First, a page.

Proper Installation of Kerdi Band?

Discussion in 'Shower & Bathtub Forum & Blog' started by Jeff C, Dec 23, 2013.

  1. Jeff C

    Jeff C New Member

    Messages:
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    Location:
    NJ, USA
    First off, I want to say,"Hello!". My name's Jeff C. and I'm new to these forums (albeit I've surfed them many times in the past several years). The reason I'm posting, is because I have huge dilemma, and you're my last hope (pretty much). I'm more than 3/4 through with a reno of our Master bath, and have reached an impasse as far as how to finish the gap between the concrete backer board (HardiBacker 500), and the tub edge. Here's the layout of the job:
    1. Tub is going into a 3 wall alcove with one of the three walls being an exterior wall w/a window in it
    2. Tub (a Kohler Hourglass 1219-L; free standing with integral tile-flange, and no apron as I'm framing a knee-wall and tiling it instead)
    3. .6 mil plastic sheeting over the studs (in hindsight, if I had found these forums earlier in the project, I would have just used RedGard or a Noble product, and I probably wouldn't need to ask for further guidance, but que sera, sera)
    4. As mentioned above, HardiBacker 500 on walls installed with the recommended screws (1st course is already up, and taped)

    Ok, so the install instructions do say to bring the CBU over the flange, but due to that one window on the exterior wall (not to mention a huge pita), shimming the studs out any more than I did (1/4") was just not feasible. Sooooo, I'm trying to make the best of the current situation by "adapting to my environment". Which brings me to a couple of questions:
    Q1: I know that waterproofing the seam between the CBU and the tub is a crucial one to get absolutely correct, so I plan on using Kerdi-Band, with Kerdi-Seal, to tackle this seam. But, I'm not sure how I should install the Kerdi-Band. The install instructions say to bed it in thin-set on the outside of the CBU, but I'm wondering if this will have a detrimental effect due to the 6mil plastic already installed over the studs, under the CBU (the whole "two waterproof layers trapping moisture" thing) The other alternative is to install the Kerdi-Band behind the CBU, but if that's the proper installation method (in my case), should it go on top of the 6mil plastic, or underneath it?
    Q2: I've seen it mentioned, by one knowledgeable person on these forums, that "the tub should be filled with water before pinning it to the studs". Is that correct? (as I was under the impression that it should be filled with water/weighted down, prior to caulking, but have never heard filling it before screwing/nailing it to the studs.) If it's recommended that it should be filled/weighted down prior to nailing it to the studs, how is that accomplished? I mean, how would I prevent a 500+ lb tub from shifting around, off the shims, and/or potentially ruining the entire drain structure or whatever?
    This reno is going on over 5 years now (my wife has been very understanding, but her patience has run out) and has hit a serious snag (because I'm scared as hell at messing it up at this point). ANY help/opinions/intruction will be soooooo appreciated that I may name a grandson after the person that guides me in the right direction ... Thank you, thank you, thank you, in advance !!! .... Jeff C.
  2. jadnashua

    jadnashua Retired Defense Industry Engineer xxx

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    If you are going to use a surface waterproofing, then I suppose you could use the Kerdiband there, otherwise, I do not think I'd use it at all. With the plastic behind, and Kerdiband, any moisture that may penetrate the cbu would be trapped. The beauty of a surface membrane is nothing on the entire wall behind it gets wet. In what you have, the cbu can wick some moisture, but the plastic film behind it protects the studs. The tiling flange (if your tub is level!) keeps water from sloshing into the walls from the rim, and the tile prevent major moisture from getting to the cbu in the first place, so it only has to dry a little, since it never gets very wet in the first place.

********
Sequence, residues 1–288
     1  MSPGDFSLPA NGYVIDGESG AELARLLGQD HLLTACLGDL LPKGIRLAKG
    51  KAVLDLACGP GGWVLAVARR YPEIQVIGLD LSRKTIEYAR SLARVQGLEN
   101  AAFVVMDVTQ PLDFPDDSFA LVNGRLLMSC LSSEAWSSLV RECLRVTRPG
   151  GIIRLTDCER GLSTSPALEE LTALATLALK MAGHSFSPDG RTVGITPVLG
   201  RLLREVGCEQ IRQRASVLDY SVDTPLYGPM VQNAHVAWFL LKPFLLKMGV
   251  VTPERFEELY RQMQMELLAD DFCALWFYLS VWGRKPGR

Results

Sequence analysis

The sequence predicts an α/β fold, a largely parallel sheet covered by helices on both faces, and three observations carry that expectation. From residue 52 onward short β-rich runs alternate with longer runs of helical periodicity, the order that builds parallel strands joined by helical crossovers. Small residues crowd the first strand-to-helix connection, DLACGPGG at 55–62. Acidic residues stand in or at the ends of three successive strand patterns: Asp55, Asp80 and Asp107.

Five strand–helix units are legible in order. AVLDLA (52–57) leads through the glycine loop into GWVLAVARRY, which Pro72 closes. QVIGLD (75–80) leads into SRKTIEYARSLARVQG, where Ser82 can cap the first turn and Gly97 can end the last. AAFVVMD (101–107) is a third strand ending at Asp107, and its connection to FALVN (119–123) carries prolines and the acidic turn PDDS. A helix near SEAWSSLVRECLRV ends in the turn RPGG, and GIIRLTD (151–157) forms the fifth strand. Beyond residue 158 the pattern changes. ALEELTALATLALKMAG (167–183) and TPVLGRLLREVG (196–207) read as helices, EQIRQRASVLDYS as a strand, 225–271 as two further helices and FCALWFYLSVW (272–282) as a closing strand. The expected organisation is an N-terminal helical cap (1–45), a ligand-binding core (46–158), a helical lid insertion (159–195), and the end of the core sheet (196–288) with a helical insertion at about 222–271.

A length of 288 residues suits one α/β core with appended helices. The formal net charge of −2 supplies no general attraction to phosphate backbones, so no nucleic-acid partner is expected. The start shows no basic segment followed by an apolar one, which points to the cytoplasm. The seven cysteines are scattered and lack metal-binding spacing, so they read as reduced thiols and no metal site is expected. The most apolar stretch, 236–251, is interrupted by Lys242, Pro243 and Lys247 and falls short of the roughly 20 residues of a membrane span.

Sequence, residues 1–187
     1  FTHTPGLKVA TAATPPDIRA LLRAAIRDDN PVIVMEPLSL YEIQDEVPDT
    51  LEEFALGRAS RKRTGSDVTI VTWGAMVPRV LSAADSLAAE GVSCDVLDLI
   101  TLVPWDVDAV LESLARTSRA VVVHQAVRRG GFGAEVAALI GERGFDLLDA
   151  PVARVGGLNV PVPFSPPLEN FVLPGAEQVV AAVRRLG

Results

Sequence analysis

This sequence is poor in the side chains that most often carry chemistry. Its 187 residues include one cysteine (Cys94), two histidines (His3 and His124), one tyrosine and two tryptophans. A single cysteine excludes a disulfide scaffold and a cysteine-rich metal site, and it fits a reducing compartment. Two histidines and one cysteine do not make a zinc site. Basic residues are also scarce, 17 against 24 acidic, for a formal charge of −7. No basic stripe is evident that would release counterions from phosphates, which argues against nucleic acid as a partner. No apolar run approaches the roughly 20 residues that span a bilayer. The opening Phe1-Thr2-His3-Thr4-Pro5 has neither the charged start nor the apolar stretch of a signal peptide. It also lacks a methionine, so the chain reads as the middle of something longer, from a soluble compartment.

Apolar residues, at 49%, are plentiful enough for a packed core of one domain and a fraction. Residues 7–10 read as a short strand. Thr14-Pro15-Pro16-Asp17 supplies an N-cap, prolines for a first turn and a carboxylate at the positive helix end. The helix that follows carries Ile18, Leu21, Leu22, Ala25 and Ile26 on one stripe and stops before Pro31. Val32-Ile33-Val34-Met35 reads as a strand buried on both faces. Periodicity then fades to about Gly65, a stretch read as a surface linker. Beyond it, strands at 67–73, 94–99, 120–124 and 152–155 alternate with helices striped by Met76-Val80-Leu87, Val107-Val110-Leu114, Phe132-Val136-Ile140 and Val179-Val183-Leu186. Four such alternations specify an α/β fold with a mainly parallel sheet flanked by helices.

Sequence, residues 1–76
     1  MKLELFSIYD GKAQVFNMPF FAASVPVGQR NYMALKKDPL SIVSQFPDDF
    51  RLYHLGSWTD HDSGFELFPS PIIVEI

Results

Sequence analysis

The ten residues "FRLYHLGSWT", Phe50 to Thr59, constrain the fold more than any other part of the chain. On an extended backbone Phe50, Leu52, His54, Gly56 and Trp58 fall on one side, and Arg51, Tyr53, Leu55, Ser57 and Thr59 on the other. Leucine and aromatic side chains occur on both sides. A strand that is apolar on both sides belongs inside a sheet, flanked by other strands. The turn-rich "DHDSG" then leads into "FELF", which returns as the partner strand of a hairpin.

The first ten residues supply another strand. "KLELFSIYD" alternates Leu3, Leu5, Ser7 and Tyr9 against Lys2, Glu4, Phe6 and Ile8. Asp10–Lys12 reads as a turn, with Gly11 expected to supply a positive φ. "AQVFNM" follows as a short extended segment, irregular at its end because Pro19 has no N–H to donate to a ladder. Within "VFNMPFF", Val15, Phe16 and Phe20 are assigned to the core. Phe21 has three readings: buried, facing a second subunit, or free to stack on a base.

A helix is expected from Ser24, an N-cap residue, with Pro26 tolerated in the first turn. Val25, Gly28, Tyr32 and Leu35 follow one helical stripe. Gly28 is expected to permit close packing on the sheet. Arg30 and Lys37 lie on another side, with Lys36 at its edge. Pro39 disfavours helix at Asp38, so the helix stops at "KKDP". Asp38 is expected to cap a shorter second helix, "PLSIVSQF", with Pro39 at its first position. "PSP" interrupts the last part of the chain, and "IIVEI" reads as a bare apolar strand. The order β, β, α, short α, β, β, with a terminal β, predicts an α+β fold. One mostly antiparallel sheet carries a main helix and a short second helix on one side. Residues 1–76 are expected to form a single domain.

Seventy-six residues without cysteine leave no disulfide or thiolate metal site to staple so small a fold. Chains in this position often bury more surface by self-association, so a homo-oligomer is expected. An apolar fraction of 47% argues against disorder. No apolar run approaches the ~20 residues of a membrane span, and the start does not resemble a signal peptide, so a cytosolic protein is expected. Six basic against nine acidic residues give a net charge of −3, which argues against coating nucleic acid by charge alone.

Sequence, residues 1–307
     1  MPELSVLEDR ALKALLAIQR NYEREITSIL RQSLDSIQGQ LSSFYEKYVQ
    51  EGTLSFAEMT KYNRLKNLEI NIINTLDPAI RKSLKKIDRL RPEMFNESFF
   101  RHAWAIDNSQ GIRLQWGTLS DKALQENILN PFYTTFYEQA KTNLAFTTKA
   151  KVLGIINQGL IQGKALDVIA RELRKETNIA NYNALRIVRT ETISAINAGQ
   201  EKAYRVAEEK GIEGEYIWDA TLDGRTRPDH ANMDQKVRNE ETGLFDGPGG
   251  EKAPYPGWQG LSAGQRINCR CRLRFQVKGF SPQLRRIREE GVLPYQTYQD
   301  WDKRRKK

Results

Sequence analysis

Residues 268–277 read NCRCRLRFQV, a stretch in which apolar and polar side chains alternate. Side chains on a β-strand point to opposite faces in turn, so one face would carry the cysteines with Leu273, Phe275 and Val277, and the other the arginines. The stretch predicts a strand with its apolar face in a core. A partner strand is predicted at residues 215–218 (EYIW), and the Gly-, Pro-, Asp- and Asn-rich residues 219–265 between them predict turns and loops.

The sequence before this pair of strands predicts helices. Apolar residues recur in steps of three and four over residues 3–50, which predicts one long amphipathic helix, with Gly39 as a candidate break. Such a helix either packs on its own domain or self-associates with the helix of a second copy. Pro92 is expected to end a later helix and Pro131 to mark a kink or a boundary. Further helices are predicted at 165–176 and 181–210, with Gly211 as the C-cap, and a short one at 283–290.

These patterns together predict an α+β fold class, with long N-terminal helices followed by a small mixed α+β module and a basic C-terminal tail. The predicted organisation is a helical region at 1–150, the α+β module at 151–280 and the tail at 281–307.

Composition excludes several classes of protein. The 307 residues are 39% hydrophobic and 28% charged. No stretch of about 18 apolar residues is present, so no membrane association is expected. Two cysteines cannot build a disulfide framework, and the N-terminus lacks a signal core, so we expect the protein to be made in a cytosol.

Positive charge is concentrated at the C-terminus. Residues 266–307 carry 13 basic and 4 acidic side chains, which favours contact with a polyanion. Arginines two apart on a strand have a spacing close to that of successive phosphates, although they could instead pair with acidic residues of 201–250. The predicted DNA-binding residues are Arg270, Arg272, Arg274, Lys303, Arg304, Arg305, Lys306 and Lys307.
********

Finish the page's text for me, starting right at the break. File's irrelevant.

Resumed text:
Now, if you wanted to use the Kerdi system and waterproof the walls, Schluter has some diagrams on their website that describe how to do that. You'd use some KerdiFix to seal the Kerdiband at the tub wall junction, and thinset on the Kerdi/Kerdiband to waterproof the seams going up the wall.

    There are probably some hybrid systems you could use, but you wouldn't have a warranty. Lots of tub/showers work and last with the plastic sheet draped over the tiling flange, tile and caulk at the tub/wall junction. As said, though, if the tub isn't level, and water pools or flows back rather than into the tub, those can be problematic.
  3. johnfrwhipple

    johnfrwhipple Bathroom Design & Build - North Vancouver, B.C.

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    Sorry folks. I removed much of this discussion since it refrenced Kerdi and I have quit using and talking about Schluter's products.


    JW - "When it's perfect. It's Good Enough."

    www.No-Curb.com - my blog site on Barrier Free, No Curb, No Dam and Hobless Showers
    (604) 506-6792 jfrwhipple@gmail.com
    Last edited: Dec 13, 2014
  4. johnfrwhipple

    johnfrwhipple Bathroom Design & Build - North Vancouver, B.C.

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    Post(s) deleted by John Whipple
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  5. johnfrwhipple

    johnfrwhipple Bathroom Design & Build - North Vancouver, B.C.

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    Full topical water poofing approach

    Post(s) deleted by John Whipple
    Last edited: Mar 15, 2014
  6. johnfrwhipple

    johnfrwhipple Bathroom Design & Build - North Vancouver, B.C.

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    Kerdi Band to back side of board.

    Post(s) deleted by John Whipple
    Last edited: Mar 15, 2014
  7. jadnashua

    jadnashua Retired Defense Industry Engineer xxx